Johnson threatened to make NASA in Huntsville "cease to be" if the doors were not opened in the city to black. A plan was made and a black funeral home owner The name RE Nelms was asked to order a meal at the local King's Inn hotel restaurant, Nelms planned for the night – his steak was supposedly "inedible" – but words went to Washington that Huntsville restaurants now serve black. 19659002] Despite the plans, recruitment and advisory councils, other reports say that black recruiting never came over 3 percent of the workforce on the Apollo program.
by Braun personli gt "actually pay attention to the problem" and was obliged to change. The Marshall Center's actions "would go beyond anything else done by NASA in the south," according to authors Richard Paul and Steven Moss.
But progress came ever so slowly when it came at all. The book reports on a study by researcher and sociologist Peter Dodd from the Academy of Arts and Sciences, who was reportedly shocked to find technological advances had little impact on social views.
In Huntsville, Dodd found a technology-conscious workforce with little sympathy for blacks seeking more fair treatment. For NASA workers, blacks seeking equality were a group they were likely to involve, but without any real personal concern. The people who did not work for the space program were more conservative, and they partially accused NASA of the pressure for change in their communities.
This NASA pressure could be practical, the book says. The locals could blame "Yankees" and "outsiders" for the changes in their communities; Reformers could use the pushback to shame the federal government for more action.
A key player locally in the change was Clyde Foster, who was called "The Country Spartacus" in the book. Foster pushed NASA to provide the black staff with the training they needed to advance, and NASA responded with another training program at Alabama A&M University in Huntsville. The coaches came from as far as Nashville, and the book says 100 black employees for the training and qualified for better jobs thanks to Foster.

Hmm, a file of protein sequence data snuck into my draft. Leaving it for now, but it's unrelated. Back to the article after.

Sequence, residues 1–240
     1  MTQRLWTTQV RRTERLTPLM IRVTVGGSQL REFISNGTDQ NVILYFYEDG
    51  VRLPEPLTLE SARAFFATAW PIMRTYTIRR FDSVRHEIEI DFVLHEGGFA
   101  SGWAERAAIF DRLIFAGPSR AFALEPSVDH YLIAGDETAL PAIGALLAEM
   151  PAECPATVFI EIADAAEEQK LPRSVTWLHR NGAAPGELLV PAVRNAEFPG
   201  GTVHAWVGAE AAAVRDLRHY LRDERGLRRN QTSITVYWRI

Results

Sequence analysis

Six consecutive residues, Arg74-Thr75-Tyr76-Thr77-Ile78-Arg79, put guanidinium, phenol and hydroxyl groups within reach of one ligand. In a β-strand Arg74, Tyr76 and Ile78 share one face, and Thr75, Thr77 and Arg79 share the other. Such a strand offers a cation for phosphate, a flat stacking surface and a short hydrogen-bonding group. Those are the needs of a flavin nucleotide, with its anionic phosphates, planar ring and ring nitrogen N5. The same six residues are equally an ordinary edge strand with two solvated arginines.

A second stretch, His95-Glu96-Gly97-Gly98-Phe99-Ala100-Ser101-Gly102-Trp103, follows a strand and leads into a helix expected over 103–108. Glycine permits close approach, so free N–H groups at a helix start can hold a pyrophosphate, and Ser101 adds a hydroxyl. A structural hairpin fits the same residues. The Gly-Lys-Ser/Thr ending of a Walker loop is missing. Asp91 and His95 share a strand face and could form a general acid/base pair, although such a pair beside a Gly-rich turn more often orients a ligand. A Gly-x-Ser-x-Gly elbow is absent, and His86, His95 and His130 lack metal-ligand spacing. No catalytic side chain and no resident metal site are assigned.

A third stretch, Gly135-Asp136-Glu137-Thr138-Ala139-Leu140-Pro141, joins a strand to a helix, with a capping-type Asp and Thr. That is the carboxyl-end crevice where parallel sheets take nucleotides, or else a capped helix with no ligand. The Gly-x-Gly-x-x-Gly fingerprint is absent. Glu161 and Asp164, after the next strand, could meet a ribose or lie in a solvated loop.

But how did NASA's first black job at the space agency? Historical accounts say that the first person employed was concerned that the education they received at black southern schools might not be sufficient for the job. But they later said they never felt unprepared or unequal to the tasks assigned.
Von Braun was really involved in integration, many believe. He was on stage at Miles College in Birmingham in the early 1960s to support his plan to build a new physics building, although Miles students were leaders of boycotts and protests disturbing the city.
Did NASA really find a difference in Alabama's race journey? Looking back from the vantage point, the book concludes that whatever the motive was, the agency's efforts were real. But they might be ineffective. The agency tried and failed, the book says, and then it tried again and failed "less badly." The reasons were both complex and simple. The forces that reformers fought for were deep and rooted. It was the complicated part. The simple part was the agency had the other big priority at the time – ran to the moon.
We celebrate Apollo's 50th anniversary with stories throughout the month. You can find the entire collection of stories, from AL.com employees and others, here: Apollo 11 Anniversary .